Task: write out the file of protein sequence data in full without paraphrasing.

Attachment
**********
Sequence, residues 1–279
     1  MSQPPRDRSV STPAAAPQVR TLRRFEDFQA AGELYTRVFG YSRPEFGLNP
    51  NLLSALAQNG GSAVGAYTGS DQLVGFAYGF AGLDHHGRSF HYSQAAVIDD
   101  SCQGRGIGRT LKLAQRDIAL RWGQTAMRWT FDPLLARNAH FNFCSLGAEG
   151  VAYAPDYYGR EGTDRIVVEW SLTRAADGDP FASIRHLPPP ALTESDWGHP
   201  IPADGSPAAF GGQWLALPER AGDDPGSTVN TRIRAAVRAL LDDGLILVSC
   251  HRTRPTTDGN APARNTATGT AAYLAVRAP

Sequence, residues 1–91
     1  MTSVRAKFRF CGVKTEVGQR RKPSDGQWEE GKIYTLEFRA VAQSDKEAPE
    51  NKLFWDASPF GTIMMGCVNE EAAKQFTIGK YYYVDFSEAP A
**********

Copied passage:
Sequence, residues 1–279
     1  MSQPPRDRSV STPAAAPQVR TLRRFEDFQA AGELYTRVFG YSRPEFGLNP
    51  NLLSALAQNG GSAVGAYTGS DQLVGFAYGF AGLDHHGRSF HYSQAAVIDD
   101  SCQGRGIGRT LKLAQRDIAL RWGQTAMRWT FDPLLARNAH FNFCSLGAEG
   151  VAYAPDYYGR EGTDRIVVEW SLTRAADGDP FASIRHLPPP ALTESDWGHP
   201  IPADGSPAAF GGQWLALPER AGDDPGSTVN TRIRAAVRAL LDDGLILVSC
   251  HRTRPTTDGN APARNTATGT AAYLAVRAP

Sequence, residues 1–91
     1  MTSVRAKFRF CGVKTEVGQR RKPSDGQWEE GKIYTLEFRA VAQSDKEAPE
    51  NKLFWDASPF GTIMMGCVNE EAAKQFTIGK YYYVDFSEAP A